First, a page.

Duke, Sheene and Dunlop: three great British bikers

Sheene, Dunlop, Duke… it would be difficult to find three more different motorcycle racers, let alone three more different human beings.

We all know the iconic images of these three late, great Britons: Duke waving a jolly hello, his hair painstakingly groomed and Brylcreemed; Sheene topless and in cut-off jeans, sucking on a filter-less Gitanes, one arm around Stephanie MacLean; Joey nursing a pint and puffing on a fag from under that lank thatch of hair.

Duke came from a different age, not only of motorcycles but also of society and culture. He surely would’ve been mortified if he had stumbled into one of Joey’s ale-fuelled lock-ins at The Saddle pub in Douglas, even more so if he had mistakenly walked into Sheene’s hotel bedroom.

Paddock Pass Podcast Episode 11 - Testing At Valencia, Stoner's Return, And Listener Questions

The Paddock Pass Podcast is back. Neil Morrison of and Roadracing World, and David Emmett of got together to discuss the testing which went on at Valencia. We talk about how the Michelin tires fared, and how the brand new spec electronics held up, and how we expect those situations to develop.

The other news that emerged at Valencia was that Casey Stoner is to return to Ducati in a testing role. Neil and David talk about the background to the switch, and why Stoner left Honda to return to Ducati. Finally, we also answer some listener questions, and refuse to divulge the secret back ways into various circuits which save us so much time.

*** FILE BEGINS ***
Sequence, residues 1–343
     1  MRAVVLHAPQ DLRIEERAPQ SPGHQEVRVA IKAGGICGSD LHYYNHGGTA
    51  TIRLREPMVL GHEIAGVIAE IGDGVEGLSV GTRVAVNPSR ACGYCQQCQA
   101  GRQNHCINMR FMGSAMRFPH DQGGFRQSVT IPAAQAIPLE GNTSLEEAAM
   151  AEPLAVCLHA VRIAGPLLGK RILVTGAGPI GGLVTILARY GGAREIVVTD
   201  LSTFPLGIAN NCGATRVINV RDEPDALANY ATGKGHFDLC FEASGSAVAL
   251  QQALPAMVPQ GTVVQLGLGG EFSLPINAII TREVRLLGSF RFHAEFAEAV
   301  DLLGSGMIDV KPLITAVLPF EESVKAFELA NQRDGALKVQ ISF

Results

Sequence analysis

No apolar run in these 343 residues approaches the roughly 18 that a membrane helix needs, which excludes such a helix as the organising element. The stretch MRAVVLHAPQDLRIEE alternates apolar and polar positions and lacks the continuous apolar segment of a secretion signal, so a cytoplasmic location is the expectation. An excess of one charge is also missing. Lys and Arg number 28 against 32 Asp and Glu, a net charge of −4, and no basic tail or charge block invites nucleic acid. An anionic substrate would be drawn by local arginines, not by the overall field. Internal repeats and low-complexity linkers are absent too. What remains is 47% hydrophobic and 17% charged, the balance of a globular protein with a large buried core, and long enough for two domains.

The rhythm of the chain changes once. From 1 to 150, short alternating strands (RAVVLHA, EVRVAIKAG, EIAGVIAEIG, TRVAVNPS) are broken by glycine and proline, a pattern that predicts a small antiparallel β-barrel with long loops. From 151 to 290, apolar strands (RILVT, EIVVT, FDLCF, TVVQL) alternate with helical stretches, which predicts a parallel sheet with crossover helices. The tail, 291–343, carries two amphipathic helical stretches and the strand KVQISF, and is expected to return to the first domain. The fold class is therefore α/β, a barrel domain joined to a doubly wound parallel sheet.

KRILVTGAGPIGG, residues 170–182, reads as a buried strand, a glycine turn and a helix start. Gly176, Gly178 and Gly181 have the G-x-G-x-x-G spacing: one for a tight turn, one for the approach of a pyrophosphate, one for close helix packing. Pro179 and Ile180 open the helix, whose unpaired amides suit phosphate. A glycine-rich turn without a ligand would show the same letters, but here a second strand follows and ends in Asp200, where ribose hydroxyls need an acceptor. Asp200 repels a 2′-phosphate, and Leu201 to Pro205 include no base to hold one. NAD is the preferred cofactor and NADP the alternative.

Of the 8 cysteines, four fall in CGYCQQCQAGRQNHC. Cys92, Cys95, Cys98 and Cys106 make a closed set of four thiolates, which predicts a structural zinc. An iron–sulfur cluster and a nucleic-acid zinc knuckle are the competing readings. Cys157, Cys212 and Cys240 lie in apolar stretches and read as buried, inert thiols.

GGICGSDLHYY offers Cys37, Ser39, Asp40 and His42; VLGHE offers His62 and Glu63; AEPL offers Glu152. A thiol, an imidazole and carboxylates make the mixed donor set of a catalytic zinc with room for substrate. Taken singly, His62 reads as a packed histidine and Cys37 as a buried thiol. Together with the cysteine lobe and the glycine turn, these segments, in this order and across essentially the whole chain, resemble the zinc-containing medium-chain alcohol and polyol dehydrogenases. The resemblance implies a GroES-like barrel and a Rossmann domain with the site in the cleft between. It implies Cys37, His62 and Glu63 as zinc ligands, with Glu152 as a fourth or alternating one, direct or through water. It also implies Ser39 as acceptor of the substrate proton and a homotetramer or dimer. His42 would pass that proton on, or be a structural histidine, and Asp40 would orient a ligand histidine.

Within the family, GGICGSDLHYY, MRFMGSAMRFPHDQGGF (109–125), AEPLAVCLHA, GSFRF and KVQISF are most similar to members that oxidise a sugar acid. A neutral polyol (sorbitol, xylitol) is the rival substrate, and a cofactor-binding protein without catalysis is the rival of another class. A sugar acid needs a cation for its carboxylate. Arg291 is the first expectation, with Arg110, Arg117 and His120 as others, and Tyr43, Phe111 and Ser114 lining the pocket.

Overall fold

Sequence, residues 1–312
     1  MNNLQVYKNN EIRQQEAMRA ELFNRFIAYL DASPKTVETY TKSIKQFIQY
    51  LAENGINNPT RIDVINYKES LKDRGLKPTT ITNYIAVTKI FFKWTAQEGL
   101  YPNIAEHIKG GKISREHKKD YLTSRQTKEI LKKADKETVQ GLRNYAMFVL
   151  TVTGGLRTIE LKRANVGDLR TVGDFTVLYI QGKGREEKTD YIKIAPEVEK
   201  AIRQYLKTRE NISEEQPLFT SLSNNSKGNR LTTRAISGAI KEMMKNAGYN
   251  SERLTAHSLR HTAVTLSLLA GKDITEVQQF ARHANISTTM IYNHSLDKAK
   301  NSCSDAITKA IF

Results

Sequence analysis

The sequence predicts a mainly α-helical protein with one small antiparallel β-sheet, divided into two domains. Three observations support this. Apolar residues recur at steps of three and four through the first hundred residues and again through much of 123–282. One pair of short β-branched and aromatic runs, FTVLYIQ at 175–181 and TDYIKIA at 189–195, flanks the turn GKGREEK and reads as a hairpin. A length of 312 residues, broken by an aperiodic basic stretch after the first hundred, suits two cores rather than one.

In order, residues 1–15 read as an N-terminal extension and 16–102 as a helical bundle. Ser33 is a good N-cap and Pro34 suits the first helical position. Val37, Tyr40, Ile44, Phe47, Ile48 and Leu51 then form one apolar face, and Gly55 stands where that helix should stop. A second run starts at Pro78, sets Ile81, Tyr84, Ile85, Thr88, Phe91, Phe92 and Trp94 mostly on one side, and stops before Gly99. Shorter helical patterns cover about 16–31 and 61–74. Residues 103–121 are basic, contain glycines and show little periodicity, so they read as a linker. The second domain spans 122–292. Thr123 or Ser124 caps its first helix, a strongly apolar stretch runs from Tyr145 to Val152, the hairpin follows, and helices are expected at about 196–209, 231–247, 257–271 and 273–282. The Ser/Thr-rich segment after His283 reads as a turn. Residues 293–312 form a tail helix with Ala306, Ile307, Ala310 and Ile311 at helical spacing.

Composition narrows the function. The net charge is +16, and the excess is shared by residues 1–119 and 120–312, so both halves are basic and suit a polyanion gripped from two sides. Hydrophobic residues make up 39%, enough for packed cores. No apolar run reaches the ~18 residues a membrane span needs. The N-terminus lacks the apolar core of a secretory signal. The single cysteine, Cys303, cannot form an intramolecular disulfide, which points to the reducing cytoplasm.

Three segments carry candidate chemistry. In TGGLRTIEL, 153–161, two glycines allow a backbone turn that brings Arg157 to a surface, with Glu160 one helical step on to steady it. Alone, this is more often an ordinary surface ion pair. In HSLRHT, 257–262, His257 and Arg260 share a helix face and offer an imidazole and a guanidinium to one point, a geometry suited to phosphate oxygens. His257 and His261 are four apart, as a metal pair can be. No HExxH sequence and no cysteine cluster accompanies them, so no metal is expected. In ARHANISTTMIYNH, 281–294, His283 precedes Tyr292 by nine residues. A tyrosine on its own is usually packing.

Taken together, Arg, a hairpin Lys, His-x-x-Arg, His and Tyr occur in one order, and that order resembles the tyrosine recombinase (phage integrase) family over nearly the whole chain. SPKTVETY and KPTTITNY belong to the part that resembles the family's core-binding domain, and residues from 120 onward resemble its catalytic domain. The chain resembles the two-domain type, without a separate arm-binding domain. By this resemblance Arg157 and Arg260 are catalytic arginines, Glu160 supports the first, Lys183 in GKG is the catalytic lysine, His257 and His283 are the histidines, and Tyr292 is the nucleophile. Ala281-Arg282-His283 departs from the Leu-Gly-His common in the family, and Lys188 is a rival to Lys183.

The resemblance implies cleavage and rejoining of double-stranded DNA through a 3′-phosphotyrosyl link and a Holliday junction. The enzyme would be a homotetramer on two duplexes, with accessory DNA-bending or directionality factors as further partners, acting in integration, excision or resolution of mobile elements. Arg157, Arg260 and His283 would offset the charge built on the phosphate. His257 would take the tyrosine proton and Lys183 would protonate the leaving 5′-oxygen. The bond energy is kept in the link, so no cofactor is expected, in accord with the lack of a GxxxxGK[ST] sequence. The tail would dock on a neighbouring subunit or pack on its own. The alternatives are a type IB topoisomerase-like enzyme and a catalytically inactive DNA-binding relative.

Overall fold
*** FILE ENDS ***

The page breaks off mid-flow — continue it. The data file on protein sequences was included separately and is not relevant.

Enjoy the show! 

Guest Blog: Mat Oxley - MotoGP's big 2016 change is delighted to feature the work of iconic MotoGP writer Mat Oxley. Oxley is a former racer, TT winner and highly respected author of biographies of world champions Mick Doohan and Valentino Rossi, and currently writes for Motor Sport Magazine, where he is MotoGP correspondent. We are featuring sections from Oxley's blogs, which are posted in full on the Motor Sport Magazine website.

MotoGP's big 2016 change

At Valencia last week Michelin more or less matched Bridgestone’s lap times, albeit at the cost of a pile of trashed carbon-fibre and scuffed leathers.

Making exact comparisons between lap times with the French tyres and the Japanese tyres is fruitless, because most riders were also testing Dorna’s compulsory software.

In brief, Marc Marquez was the fastest man on Michelins, four tenths quicker than his best race lap, but half a second off his qualifying best. Maverick Vinales was the best improver: second fastest in the tests, 1.6 seconds better than in the race and two tenths quicker than in qualifying. Yamaha riders Jorge Lorenzo and Valentino Rossi struggled most, both slower than their race pace.

Scott Jones Shoots The Grand Finale: Friday Photos From Valencia

On a mission

But so is this man

Danny Kent has one more chance to seal the deal. But it ain't easy

On Sale Now: The Indispensable 2015 Motorcycle Racing Calendar

$29.95 2015 Motorcycle Racing Calendar Front Cover

If you have enjoyed's coverage of the 2014 season, and are already looking ahead to the 2015 season, then you need the 2015 Motorcycle Racing Calendar. As ever, the calendar features the stunning photography of Scott Jones, and a monthly guide containing all of the MotoGP and World Superbike races for the 2015 season, as well as preseason tests for MotoGP, and the schedule for the Isle of Man TT. Scott Jones' photos and the handy race schedule is reason enough to own the calendar, but even more importantly, by buying the calendar, you are helping to keep running. The proceeds from the calendar go towards the running of the site, and help both Scott Jones and David Emmett travel to the races, take more great photos and provide even more great information.